Postgame Smiles

The first-ever Legion A All-Star Game was a success, said East manager Travis Mortimore. “One of the coolest parts was getting to see these guys get to know some of the players they’ve competed against all year.”

The stars were shining in full splendor on Saturday afternoon at Nida Field, as the first-ever Legion A Baseball All-Star Game took place in front of a packed crowd of visitors from across the state.

The game pitted the East All-Stars against the West All-Stars for nine innings of pure entertainment.

Players from different teams were able to mingle and cut up in the dugouts, laughing together and celebrating another successful Legion A season.

“I think one of the coolest parts was getting to see these guys get to know some of the players they’ve competed against all year,” East All-Stars manager Travis Mortimore said. “They get to know each other on a more personal level and start developing bonds.”

The game was an offensive slugfest from the start, with the teams combining for nearly 10 runs in just the first three innings.

Among the brightest of all the stars was Green River catcher Taylor Jensen, whose late home run gave the West All-Stars the lead for good. For his stellar play both at and behind the plate, Jensen was awarded the game’s MVP honors.

“I don’t even think he knew there was an MVP award,” Mortimore said, laughing. “To be honest, I don’t know if anyone did. We put a lot of this together on the fly. But it turned out to be a huge success.”

Douglas was represented by two players: Zack Virtue and Cameryn Spence.

Virtue played half the game at first base, while Spence played mainly in centerfield and even got an inning of work on the mound.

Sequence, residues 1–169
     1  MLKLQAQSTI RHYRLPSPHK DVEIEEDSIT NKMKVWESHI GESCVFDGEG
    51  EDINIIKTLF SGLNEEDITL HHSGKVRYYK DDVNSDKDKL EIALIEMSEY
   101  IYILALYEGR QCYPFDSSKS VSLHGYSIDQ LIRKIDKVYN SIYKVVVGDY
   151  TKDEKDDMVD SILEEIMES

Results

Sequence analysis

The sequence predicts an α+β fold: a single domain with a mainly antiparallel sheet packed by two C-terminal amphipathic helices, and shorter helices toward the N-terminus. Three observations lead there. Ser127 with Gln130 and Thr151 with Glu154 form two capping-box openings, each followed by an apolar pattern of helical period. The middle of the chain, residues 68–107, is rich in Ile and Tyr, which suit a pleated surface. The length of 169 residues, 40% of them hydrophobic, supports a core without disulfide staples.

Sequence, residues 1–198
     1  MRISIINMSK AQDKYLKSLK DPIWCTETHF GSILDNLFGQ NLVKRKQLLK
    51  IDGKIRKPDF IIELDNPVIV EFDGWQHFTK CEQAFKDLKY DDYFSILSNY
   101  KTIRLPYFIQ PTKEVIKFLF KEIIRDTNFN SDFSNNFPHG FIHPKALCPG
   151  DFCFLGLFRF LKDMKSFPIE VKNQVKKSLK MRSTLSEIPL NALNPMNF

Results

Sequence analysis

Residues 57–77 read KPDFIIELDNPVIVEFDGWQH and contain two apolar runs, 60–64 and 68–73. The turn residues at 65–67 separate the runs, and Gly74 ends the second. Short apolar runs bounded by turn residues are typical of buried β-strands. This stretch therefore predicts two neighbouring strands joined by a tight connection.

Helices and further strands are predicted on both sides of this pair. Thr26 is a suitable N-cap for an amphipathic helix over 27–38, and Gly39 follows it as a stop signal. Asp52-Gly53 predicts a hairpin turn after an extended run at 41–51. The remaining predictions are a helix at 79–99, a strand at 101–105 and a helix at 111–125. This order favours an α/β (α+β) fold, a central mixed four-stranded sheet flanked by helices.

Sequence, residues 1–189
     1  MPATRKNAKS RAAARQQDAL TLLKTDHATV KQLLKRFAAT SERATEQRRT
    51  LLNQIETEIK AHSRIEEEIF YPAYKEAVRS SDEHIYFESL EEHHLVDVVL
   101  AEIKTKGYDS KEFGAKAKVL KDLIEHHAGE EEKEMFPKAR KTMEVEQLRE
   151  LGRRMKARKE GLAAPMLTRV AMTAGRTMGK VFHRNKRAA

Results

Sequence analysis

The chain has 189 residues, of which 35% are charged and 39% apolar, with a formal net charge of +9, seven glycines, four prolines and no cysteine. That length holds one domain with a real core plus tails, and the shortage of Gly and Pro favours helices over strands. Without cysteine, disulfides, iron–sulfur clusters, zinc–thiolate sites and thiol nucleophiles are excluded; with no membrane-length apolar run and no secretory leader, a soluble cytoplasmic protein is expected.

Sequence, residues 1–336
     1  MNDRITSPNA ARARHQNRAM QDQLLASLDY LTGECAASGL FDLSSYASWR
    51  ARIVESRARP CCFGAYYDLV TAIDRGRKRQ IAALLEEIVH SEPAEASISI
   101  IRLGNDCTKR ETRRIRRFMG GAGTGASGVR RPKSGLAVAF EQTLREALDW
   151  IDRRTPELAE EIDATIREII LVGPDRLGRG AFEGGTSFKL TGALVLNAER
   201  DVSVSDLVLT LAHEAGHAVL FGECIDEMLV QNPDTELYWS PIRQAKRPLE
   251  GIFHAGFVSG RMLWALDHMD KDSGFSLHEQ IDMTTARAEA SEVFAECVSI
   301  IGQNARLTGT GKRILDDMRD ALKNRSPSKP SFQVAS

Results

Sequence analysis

“It was great to see those guys get a chance to go out there and perform. And they deserved it. Those two have been some of my best all year long.”

Mortimore says several parents and players approached him after the game to thank him for his hand in putting on the event, an ordeal that included 40 of Legion A’s premier stars.

But that doesn’t mean he sees no room for improvement in years to come.

“There are a lot of things I’d probably like to do differently in the coming years. For one, I’d hope to be able to do more of an actual home run derby the night before the game. Maybe we pick four guys from the West and four guys from the East, and they go out and see who can hit the most out of the park. For these kids to be able to participate in something like that would be amazing. I want to give them those memories before their time is done playing the game.”

Another potential improvement on this year’s event? Mortimore hopes next year to invite college coaches from the region to attend. That way, he says, they can truly see the best talent the league can offer gathered in one place.

“To me, if I were a college coach, if I knew there was a game that showcased the best the state had to offer, I’d be there. It would give me a chance to watch every single one of them at the same time.”

But for now, Mortimore is happy with the turnout and success of the inaugural event. And judging by the smiles covering each and every player’s face before, during and after the game, it’s safe to say they were, too.

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